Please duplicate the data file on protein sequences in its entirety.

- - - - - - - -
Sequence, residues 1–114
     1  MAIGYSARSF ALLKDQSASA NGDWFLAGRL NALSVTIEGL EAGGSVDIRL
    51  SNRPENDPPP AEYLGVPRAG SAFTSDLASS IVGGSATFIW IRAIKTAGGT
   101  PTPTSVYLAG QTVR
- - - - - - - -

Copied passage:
Sequence, residues 1–114
     1  MAIGYSARSF ALLKDQSASA NGDWFLAGRL NALSVTIEGL EAGGSVDIRL
    51  SNRPENDPPP AEYLGVPRAG SAFTSDLASS IVGGSATFIW IRAIKTAGGT
   101  PTPTSVYLAG QTVR